Don’t worry if you come across a situation where there is no vacancy for your dream job or company at the moment as there’s something called innovative application online. That is to say, you can try sending them your application files, such as your CV and cover letter, along with the note of your desired position in the company. In case there is one vacancy later, you will be contacted, as long as your qualification meets their requirements. All in all, we suggest you start with your application early. Six months in advance would be ideal.

For more information about "Application files", don´t hesitate to read

Job search websites in Germany:

Other Qualifications

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German and English

It is usually written in the job advertisement which language is needed for the position. But no doubt speaking another foreign language is a plus point. Due to globalization, English has become one of the most important languages all over the world. If you are dedicated to fields like international business, IT, consulting, etc., English would be a must. For students who study in English, you would have a lot of fun speaking some German words during conversations with your German colleagues!

If you are still struggling to answer the question as to whether it is worth learning German or English: please don’t hesitate anymore! Take a language course at a language center and improve your English or German skills! EDUBAO´s tips for you to take a German course will be founded in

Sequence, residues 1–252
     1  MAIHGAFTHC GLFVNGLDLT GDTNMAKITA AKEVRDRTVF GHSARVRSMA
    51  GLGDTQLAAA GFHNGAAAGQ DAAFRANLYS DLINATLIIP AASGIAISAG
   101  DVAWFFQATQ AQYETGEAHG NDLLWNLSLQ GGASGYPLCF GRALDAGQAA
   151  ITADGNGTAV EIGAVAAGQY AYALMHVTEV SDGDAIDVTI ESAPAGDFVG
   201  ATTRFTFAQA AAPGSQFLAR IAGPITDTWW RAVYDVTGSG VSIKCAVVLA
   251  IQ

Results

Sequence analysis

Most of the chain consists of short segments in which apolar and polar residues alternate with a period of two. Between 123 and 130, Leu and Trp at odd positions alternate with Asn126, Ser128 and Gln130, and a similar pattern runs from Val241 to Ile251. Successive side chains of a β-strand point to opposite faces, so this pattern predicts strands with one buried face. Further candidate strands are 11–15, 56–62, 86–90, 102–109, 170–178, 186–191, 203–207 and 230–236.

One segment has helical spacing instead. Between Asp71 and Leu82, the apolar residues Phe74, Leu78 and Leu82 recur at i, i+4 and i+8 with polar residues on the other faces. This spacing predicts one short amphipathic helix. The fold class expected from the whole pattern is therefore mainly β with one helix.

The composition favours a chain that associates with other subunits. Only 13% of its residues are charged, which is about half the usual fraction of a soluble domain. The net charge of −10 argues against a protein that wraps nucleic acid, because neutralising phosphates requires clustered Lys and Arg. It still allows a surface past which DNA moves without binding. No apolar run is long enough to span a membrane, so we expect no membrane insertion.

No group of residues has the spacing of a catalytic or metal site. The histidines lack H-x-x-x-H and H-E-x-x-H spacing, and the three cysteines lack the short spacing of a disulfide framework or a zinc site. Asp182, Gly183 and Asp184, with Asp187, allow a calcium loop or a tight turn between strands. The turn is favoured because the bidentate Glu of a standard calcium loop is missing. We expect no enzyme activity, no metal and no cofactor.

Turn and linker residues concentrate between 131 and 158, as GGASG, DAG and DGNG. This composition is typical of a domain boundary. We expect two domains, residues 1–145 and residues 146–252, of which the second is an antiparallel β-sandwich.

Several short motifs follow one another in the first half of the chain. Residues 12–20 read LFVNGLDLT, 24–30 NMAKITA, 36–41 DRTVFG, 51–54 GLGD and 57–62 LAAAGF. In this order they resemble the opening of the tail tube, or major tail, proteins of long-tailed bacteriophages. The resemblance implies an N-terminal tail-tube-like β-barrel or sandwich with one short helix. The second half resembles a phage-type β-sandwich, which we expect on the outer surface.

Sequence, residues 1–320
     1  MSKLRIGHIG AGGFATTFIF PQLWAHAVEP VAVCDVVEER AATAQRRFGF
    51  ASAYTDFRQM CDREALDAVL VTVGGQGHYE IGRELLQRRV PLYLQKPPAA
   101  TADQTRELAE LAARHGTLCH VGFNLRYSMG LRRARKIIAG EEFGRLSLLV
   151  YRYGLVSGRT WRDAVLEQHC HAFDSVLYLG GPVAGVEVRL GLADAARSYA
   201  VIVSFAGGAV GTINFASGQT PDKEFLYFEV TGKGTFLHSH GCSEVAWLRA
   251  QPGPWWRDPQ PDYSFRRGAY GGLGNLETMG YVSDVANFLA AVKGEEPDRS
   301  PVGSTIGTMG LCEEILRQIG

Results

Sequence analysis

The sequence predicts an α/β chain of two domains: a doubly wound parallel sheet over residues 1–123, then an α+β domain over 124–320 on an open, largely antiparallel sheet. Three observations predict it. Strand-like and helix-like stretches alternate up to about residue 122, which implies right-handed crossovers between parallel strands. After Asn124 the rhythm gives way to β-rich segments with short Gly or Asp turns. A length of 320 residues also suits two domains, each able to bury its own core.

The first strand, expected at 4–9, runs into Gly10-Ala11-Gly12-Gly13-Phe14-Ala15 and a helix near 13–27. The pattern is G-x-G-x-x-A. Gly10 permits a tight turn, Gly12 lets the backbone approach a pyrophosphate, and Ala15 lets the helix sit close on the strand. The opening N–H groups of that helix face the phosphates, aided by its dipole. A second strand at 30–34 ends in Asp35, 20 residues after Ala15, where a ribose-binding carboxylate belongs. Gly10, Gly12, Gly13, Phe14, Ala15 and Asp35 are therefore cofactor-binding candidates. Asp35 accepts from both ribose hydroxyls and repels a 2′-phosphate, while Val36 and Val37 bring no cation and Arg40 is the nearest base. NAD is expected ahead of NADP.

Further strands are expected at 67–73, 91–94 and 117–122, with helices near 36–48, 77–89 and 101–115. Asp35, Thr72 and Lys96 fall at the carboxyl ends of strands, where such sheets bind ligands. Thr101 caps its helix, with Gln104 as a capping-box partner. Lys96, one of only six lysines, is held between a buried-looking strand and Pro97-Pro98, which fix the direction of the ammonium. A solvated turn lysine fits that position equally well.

Soft skills

Soft skills like intercultural competence, communication skills, teamwork, emotional intelligence, etc. also play a decisive role in a job application. Even though they are not really related to professional skills, they are still important for the employers to figure out what types of personality you have and how you will react if you face various problems at work.

Similar to hard skills, soft skills can also be trained through various workshops or practice. We would like to suggest you attend more workshops in your free time and at the same time when you are doing your job search.

Take-aways from this article:

  • Start looking for a job early, four months before you finish studying at the latest!
  • Carry out a self-analysis!
  • Keep your options open!
  • Make use of the services offered by your university!
  • Take advantage of career fairs and the services offered by employment agencies!
  • By now you should be proficient in German or English! Take language courses while studying!